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Scammers Fleece Australians’ Of Record $659 Million

Australians parted with more than $659 million in scams in 2020, as scammers took advantage of the pandemic to fleece people.

CANBERRA, Australia — Scammers took advantage of the pandemic to fleece Australians of a record AU$851 million ($659 million) in 2020.

Investment scams accounted for about a third of total losses, with unsuspecting investors scammed AU$328 million ($254 million).

Romance scams cost Australians another AU$131 million ($101 million) and payment redirection scams AU$128 million ($99 million).

“Unfortunately scammers continue to become more sophisticated, and last year used the Covid-19 pandemic to scam and take advantage of people from all walks of life during this crisis,” Australian Competition & Consumer Commission deputy chair Delia Rickard said.

Rickard said that because many people did not tell the watchdog when they had fallen victim to a scammer, the real losses were probably even higher. Delia Rickard was appointed to the position of Deputy Chair of the Australian Competition & Consumer Commission in June 2012 for a period of five years.

As people tried to ride out the state’s repeated lockdowns with a new pet, or if they needed a second-hand car, scammers were there to take advantage. (Pickawood/Unsplash)

Victims lost an average of AU$7677 ($5949) when they fell victim to a scammer, and people aged over 65 were the most likely to lose their money.

The boom in online transactions during lockdown also saw a rise in health and medical scams, which were 20 times higher than in 2019, accounting for AU$3.9 million ($3.02 million) in losses.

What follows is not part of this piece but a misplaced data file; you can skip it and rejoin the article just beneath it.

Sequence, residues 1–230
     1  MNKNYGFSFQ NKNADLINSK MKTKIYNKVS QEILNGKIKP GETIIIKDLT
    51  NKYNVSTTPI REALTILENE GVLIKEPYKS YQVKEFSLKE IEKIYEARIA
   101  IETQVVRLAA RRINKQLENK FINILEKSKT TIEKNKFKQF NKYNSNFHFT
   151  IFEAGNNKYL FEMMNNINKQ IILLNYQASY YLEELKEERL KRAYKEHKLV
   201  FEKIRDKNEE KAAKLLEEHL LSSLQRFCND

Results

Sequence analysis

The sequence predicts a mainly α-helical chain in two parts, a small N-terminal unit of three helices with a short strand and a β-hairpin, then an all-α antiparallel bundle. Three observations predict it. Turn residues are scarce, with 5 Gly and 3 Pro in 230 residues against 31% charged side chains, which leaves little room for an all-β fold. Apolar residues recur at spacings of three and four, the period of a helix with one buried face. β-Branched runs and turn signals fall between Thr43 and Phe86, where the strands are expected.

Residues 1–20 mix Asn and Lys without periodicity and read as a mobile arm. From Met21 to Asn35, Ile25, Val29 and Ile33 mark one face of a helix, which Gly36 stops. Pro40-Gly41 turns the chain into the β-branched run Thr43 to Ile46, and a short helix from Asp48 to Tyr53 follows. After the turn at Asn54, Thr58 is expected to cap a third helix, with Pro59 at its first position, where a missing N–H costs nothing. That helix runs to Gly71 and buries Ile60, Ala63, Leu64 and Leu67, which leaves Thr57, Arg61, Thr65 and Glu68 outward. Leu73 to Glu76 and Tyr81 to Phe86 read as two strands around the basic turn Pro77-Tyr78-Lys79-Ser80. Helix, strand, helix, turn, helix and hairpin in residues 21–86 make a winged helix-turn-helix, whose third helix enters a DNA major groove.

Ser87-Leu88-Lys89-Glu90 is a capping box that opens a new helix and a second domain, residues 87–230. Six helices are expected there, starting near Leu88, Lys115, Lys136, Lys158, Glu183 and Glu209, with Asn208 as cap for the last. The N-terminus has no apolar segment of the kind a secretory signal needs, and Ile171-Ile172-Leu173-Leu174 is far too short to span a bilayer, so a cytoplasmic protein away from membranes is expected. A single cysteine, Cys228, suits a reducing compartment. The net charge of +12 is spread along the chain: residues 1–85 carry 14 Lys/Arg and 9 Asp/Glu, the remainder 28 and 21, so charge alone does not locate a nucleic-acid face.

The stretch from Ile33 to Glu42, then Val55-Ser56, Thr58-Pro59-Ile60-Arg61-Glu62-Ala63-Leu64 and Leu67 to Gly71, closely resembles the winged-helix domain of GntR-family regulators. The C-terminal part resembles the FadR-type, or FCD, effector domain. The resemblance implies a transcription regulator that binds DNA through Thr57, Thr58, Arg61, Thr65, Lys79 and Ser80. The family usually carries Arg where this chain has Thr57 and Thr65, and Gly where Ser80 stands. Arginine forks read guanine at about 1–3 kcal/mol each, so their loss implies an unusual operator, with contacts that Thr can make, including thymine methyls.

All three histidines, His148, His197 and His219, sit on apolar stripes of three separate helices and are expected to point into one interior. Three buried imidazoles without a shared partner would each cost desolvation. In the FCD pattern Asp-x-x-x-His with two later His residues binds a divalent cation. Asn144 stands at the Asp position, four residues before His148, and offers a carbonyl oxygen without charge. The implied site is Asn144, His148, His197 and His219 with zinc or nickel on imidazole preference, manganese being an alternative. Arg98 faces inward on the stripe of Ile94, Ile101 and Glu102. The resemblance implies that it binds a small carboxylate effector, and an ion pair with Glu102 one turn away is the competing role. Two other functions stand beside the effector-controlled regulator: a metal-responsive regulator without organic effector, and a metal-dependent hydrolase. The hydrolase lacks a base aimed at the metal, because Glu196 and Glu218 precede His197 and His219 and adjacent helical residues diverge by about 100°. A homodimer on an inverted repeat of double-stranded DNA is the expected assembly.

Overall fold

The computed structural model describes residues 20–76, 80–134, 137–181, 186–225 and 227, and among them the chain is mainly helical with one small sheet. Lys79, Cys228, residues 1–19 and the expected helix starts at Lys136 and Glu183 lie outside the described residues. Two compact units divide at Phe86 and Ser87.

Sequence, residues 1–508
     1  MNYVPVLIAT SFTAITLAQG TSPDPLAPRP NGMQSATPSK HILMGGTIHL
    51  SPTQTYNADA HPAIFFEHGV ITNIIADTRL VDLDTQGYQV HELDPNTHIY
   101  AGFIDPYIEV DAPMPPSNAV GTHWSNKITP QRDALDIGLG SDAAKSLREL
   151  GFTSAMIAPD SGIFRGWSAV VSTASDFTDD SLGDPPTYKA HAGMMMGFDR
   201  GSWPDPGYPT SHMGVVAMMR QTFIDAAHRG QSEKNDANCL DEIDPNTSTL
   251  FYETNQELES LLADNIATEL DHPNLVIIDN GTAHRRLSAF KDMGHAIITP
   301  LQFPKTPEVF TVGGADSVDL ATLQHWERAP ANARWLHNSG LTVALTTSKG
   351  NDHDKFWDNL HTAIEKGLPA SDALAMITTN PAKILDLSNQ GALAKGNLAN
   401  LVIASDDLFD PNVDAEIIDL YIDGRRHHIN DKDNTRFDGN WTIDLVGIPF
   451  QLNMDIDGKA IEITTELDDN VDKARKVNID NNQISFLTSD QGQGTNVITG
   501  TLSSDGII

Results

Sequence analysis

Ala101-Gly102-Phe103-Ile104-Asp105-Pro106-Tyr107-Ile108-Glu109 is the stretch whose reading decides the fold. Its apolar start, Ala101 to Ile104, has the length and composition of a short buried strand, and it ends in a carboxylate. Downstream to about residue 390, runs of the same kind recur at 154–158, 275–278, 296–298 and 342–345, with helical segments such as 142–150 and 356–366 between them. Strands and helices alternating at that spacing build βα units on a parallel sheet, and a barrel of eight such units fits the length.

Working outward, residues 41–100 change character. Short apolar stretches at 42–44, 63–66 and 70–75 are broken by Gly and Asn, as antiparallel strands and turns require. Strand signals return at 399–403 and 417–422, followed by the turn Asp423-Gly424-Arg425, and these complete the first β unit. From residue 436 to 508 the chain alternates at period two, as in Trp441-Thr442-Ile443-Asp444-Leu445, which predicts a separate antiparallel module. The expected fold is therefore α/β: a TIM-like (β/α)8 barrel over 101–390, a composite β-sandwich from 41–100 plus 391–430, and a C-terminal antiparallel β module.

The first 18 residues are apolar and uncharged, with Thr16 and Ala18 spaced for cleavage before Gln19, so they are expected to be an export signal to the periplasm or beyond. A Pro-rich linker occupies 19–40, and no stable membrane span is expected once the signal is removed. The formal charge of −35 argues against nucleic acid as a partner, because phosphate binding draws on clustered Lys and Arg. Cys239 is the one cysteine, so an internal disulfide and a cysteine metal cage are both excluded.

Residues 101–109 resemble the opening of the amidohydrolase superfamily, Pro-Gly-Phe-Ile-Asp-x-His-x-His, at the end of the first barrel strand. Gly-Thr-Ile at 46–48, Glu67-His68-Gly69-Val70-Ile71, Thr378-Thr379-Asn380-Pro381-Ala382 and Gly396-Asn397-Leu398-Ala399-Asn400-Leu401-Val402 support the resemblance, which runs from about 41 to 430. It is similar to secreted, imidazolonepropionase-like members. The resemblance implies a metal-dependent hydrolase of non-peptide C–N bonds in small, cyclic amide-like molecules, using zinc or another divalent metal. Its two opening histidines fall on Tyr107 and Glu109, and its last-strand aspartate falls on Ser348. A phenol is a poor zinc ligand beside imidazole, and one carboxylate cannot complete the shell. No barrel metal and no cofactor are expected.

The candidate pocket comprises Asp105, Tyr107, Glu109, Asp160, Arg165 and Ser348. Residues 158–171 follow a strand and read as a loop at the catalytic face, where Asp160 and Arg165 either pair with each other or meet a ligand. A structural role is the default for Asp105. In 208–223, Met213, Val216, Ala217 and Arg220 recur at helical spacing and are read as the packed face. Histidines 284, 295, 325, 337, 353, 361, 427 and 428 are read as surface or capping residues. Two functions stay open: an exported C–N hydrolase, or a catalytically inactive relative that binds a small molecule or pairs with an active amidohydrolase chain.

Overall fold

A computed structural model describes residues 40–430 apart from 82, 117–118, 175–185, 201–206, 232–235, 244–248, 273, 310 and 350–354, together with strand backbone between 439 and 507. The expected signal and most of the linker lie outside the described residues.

For the first time, Victoria recorded the highest losses nationwide, with AU$49 million ($37 million) in losses, more than double the amount lost in 2019.

As people tried to ride out the state’s repeated lockdowns with a new pet, or if they needed a second-hand car, scammers were there to take advantage.

“We saw scammers claiming the government restrictions meant people could not see items in person before purchase,” Rickard said.

Of course, despite the money paid, they never arrived.

Scamwatch is run by the Australian Competition and Consumer Commission (ACCC). It provides information to consumers and small businesses about how to recognize, avoid and report scams. (Dean Lewins/AAP Image)

Scams based on threats also increased by 178 percent, to AU$11.8 million ($9.14 million) in losses. Phishing activity, especially where scammers impersonated government departments, increased by 75 percent, with 44,000 reports.

The consumer watchdog released its Targeting Scams report, which is based on more than 444,000 scam reports, on June 7.

Anyone who detects a scam, even if they are not a victim, can report it to Scamwatch.

Scamwatch is run by the Australian Competition and Consumer Commission (ACCC). It provides information to consumers and small businesses about how to recognize, avoid and report scams.

The Australian Competition and Consumer Commission (ACCC) is an independent Commonwealth statutory authority whose role is to enforce the Competition and Consumer Act 2010 and a range of additional legislation, promoting competition, fair trading, and regulating national infrastructure for the benefit of all Australians

(Edited by Vaibhav Vishwanath Pawar and Ritaban Misra)